Note: While we at Holey Books have moved on to cover the second book of the Pentateuch, Exodus, I thought it would be worthwhile to sum up some of the main holes our examination of Genesis turned up.
While there are many holes in Genesis, these are the top six most ridiculous (in no particular order). If any of you readers out there find any other candidates, by all means — supply them in the comments.
1. God creates the world, and then creates it again (Gen. 1-2). The two different accounts of Genesis are clearly—if you read them with any critical sense whatsoever—two vastly different versions of the creation of the world. The consensus is that these were originally two different oral traditions written down by two different authors, identified by the vastly different way they refer to “God.” But their details, too, are confusing. In one, for example, God creates both man and woman after the animals; in the second version, he creates the animals first, and then man after them, and woman only after man. Of course, the creation here also makes no logical sense: God creates night and day before he creates the sun and stars (Gen. 1:14-19)
2. God breaks his promises (Gen. 2 & 5). God told Adam he would die when he ate the fruit. Adam ate the fruit. Adam lived to be more than 900 years old.
3. Jacob wrestles God (Gen. 32). Taking this story literally: God descends into man form, for no apparent reason, and wrestles with Jacob until daybreak. Jacob, the entire time, doesn’t seem fazed by the fact that a random dude is wrestling him all night. And then eventually God gives up, again for no real reason.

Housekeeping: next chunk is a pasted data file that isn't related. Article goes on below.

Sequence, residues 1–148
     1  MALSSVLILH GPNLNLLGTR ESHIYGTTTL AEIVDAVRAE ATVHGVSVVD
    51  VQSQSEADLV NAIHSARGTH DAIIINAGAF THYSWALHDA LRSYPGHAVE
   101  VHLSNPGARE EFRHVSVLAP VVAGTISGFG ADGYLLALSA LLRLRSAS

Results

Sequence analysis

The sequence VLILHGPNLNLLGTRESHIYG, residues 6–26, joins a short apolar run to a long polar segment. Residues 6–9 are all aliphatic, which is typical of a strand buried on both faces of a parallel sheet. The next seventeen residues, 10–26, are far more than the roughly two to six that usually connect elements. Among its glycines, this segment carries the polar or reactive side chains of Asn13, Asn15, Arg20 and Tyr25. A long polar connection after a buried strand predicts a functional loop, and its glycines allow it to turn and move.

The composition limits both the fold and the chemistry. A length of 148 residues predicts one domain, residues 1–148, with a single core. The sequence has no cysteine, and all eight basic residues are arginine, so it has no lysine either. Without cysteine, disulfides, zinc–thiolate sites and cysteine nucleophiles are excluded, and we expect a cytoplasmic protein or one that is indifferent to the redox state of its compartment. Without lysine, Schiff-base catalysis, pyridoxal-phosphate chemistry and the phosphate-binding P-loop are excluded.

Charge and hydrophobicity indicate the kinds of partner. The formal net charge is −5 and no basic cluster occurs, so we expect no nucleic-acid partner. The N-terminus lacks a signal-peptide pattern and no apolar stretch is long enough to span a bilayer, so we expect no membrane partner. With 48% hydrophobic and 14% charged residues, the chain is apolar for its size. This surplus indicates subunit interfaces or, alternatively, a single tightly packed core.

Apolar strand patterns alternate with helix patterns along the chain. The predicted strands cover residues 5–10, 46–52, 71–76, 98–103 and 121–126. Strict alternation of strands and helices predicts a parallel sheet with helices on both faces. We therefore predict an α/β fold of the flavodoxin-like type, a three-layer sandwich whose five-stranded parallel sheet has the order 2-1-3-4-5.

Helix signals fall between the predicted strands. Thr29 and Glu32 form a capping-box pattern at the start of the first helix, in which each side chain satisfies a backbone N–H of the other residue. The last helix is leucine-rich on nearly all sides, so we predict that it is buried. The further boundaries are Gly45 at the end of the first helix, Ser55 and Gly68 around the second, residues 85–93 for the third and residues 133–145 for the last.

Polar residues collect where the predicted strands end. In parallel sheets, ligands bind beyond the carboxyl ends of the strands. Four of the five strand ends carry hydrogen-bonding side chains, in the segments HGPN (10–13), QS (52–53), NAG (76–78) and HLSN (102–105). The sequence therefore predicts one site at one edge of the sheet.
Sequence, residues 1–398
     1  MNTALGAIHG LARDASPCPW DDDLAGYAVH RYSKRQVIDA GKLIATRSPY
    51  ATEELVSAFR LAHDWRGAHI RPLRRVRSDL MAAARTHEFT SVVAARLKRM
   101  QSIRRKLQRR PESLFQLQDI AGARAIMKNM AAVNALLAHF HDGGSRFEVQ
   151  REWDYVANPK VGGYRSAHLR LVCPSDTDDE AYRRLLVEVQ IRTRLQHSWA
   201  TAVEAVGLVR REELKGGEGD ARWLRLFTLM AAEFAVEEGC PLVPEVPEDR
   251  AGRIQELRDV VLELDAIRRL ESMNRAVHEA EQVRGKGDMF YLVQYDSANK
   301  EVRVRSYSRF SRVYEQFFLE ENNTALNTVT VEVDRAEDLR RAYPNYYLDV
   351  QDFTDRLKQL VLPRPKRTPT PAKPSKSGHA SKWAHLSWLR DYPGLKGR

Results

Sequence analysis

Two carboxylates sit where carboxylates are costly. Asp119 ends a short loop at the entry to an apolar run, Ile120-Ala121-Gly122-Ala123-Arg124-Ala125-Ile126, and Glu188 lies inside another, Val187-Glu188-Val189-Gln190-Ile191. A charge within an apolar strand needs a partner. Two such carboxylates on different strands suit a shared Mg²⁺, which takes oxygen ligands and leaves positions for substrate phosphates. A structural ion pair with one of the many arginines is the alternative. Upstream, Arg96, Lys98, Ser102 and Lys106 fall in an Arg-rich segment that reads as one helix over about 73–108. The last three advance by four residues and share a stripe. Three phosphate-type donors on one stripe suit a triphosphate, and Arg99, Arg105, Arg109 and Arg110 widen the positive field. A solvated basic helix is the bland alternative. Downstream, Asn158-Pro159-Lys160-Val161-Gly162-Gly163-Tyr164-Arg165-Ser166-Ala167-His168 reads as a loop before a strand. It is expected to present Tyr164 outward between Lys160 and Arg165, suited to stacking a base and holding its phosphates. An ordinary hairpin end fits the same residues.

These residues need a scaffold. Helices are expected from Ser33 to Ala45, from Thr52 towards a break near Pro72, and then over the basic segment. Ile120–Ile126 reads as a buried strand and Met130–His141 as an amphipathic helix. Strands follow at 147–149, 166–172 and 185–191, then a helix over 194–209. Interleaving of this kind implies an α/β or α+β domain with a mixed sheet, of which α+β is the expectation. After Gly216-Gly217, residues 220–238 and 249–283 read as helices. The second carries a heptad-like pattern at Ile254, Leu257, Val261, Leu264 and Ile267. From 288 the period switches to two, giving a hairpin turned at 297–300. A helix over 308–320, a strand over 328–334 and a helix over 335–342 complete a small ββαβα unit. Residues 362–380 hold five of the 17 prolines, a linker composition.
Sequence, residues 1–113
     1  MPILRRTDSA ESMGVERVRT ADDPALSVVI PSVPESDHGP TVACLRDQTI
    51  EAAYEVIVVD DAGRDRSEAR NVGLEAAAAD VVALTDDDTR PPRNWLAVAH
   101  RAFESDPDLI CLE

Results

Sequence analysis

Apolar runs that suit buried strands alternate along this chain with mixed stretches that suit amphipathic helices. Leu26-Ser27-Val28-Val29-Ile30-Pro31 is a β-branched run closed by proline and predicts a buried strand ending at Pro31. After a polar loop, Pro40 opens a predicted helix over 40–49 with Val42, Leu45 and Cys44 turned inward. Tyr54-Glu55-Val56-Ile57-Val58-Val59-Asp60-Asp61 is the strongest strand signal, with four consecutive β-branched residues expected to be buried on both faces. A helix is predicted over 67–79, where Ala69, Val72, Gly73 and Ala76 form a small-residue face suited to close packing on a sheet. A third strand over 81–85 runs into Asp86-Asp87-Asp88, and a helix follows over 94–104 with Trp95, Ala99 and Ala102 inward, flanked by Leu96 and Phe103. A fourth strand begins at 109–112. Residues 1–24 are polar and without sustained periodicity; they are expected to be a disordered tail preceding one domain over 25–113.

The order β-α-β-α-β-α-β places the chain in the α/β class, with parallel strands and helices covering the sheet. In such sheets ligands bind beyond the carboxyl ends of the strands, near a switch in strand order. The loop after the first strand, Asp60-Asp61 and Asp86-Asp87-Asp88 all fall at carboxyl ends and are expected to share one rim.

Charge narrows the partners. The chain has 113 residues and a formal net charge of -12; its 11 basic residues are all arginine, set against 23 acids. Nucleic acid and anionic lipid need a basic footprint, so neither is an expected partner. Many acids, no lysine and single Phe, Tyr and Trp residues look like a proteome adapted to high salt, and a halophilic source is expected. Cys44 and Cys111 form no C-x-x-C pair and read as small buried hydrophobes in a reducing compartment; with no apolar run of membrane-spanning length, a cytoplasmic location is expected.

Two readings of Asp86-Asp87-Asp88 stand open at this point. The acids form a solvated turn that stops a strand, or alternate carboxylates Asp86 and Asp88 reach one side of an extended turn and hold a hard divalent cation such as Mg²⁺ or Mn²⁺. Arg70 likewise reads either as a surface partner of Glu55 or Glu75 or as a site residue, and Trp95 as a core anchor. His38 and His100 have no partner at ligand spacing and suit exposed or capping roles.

4. God endorses polygamy (Gen. 29, 30, others). Throughout Genesis, God consistently supports — or rather doesn’t take action against — polygamy. Yes, you might say, but God lets a lot of things pass that he doesn’t approve of, right? Wrong. Throughout Genesis, he frequently takes action to intervene. Yet he gives polygamy a pass by rewarding Jacob and his wives with children (Gen. 29:31; Gen. 30:17; Gen. 30:22), for example.
5. Abraham is not a good guy (Gen. 11-25). For the supposed patriarch of three of the world’s great religions, it’s amazing how terrible a person Abraham seems to be. First, he essentially whores out his wife to Pharaoh to save his own skin (Gen. 12), deceives Abimelek (Gen. 20), takes up with a servant girl when his wife is older (Gen. 16) (but kicks them out later (Gen. 21)), and nearly kills his own son (Gen. 22) (although for argument’s sake we will assume that God deceived him on this one—which is no less ridiculous). Throughout his life, Abram/Abraham is self-centered, heartless, avaricious, and heir-crazed. He’s just not admirable.
6. A Talking Snake. Snakes can’t talk. This is impossible. No other animal in the book talks, and never again are snakes talking. This isn’t in and of itself ridiculous, however, unless we take the story literally. Then it is. Snakes are too stupid to talk. A further point, though: While the text itself, it’s important to note, isn’t otherwise ridiculous in this sense as we have mentioned before, nothing in Genesis indicates the serpent in Gen. 3 is the devil, what is ridiculous is the later interpretations of Genesis asserting without equivocation that the Serpent was Satan. There is, simply, no evidence in the text for this interpretation.